437508 Flow-Induced Segregation in Multicomponent Medical Suspensions

Monday, November 9, 2015: 9:00 AM
250A (Salt Palace Convention Center)
Michael D. Graham, Chemical and Biological Engineering, University of Wisconsin-Madison, Madison, WI

Blood is a suspension of particles of various shapes, sizes and mechanical properties and the distribution of these particles during blood flow is important in many contexts. Red blood cells (RBCs) tend to migrate toward the center of a blood vessel, leaving a so-called cell-free layer at the vessel wall, while white blood cells (WBCs) and platelets are preferentially found near the walls, a phenomenon called margination that is critical for the physiological responses of inflammation and hemostasis. Additionally, drug delivery particles in the bloodstream will also undergo segregation phenomena – the influence of these phenomena on the efficacy of such particles is unknown.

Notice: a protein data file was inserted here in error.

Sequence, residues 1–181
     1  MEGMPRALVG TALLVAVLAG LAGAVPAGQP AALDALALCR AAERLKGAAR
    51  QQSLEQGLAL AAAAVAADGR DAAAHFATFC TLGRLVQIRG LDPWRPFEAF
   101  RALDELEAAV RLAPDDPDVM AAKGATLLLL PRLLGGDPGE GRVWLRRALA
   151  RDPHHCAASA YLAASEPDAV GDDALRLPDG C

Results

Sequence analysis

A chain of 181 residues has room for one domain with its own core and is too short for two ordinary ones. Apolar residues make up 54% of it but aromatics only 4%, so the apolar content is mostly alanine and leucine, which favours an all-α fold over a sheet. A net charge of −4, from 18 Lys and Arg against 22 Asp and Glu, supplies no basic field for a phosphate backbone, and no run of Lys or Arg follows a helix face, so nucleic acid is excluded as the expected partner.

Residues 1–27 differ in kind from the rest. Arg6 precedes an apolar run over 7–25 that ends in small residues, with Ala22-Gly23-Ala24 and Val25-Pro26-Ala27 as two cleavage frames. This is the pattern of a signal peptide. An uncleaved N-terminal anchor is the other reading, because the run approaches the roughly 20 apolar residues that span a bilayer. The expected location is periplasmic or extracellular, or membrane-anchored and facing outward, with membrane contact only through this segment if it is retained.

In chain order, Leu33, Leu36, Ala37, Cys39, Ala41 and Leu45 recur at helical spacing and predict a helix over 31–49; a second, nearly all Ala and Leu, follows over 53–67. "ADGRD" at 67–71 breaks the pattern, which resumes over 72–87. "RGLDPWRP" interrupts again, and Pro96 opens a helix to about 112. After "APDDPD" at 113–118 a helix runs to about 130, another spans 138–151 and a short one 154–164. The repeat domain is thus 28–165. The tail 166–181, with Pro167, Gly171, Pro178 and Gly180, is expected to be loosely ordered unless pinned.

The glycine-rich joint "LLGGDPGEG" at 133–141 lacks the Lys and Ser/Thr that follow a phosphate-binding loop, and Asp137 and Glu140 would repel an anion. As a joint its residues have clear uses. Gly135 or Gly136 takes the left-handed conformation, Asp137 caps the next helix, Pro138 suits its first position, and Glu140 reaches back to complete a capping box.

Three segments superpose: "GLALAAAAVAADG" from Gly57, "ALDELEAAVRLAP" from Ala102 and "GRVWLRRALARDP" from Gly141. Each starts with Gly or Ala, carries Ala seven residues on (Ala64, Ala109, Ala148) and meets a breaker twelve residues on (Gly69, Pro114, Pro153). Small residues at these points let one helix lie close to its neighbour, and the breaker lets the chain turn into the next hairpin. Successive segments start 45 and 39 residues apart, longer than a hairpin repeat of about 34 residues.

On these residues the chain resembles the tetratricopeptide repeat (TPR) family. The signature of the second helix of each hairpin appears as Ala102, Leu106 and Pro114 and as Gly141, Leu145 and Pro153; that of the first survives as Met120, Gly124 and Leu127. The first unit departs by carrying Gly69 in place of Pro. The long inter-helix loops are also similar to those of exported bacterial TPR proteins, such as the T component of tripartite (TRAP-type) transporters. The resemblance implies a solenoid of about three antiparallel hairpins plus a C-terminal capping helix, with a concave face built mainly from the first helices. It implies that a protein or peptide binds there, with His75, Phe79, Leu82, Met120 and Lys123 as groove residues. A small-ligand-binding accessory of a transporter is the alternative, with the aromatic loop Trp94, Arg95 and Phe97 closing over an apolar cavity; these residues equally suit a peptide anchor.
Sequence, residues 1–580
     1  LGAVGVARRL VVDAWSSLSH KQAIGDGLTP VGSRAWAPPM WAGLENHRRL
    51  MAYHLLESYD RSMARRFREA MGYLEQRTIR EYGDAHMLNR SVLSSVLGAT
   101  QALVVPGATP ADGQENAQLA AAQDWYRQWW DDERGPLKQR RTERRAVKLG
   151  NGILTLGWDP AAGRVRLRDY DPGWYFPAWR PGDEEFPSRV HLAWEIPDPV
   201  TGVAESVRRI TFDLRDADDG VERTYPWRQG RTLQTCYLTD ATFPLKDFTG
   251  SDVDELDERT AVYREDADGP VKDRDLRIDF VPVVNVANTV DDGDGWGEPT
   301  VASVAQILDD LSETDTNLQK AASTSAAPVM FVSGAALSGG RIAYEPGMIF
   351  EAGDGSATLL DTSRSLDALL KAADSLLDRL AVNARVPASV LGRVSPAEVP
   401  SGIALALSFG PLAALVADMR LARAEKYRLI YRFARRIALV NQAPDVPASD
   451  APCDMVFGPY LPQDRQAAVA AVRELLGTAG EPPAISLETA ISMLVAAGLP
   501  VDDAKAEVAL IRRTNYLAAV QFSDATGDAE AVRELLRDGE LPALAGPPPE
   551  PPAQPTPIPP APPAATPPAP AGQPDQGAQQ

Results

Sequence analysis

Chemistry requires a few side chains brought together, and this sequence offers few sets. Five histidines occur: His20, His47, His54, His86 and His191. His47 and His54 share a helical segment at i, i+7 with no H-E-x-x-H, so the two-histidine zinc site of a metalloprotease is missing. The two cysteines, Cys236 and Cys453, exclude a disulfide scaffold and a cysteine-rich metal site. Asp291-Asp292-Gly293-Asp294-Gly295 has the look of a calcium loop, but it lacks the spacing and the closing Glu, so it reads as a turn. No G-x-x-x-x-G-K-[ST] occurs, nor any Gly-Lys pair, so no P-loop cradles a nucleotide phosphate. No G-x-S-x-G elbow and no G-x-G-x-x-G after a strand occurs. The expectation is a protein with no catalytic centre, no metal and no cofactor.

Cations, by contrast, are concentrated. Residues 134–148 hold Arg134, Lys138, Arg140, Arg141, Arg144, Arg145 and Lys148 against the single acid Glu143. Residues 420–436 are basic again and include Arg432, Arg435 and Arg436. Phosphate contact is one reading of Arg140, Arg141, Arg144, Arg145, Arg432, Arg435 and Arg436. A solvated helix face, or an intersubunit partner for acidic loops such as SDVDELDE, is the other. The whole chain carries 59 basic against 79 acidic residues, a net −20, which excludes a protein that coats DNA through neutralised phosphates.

This talk describes efforts to gain a systematic understanding of flow-induced segregation phenomena in blood and other complex mixtures, using a combination of theory and direct simulations of flowing suspensions. A kinetic theory model based on pair collisions and wall-induced hydrodynamic migration can capture the key effects observed in direct simulations, including a “drainage transition” in which one component is completely depleted from the bulk of the flow. Experiments performed in the laboratory of Wilbur Lam indicate the physiological and clinical importance of these observations. More generally, having in hand an understanding of the mechanisms underlying these phenomena now allows more rational approaches to development of quantitative models of them and processes that exploit them. This knowledge will also lead to a better understanding of the consequences of these phenomena in physiology and medicine.

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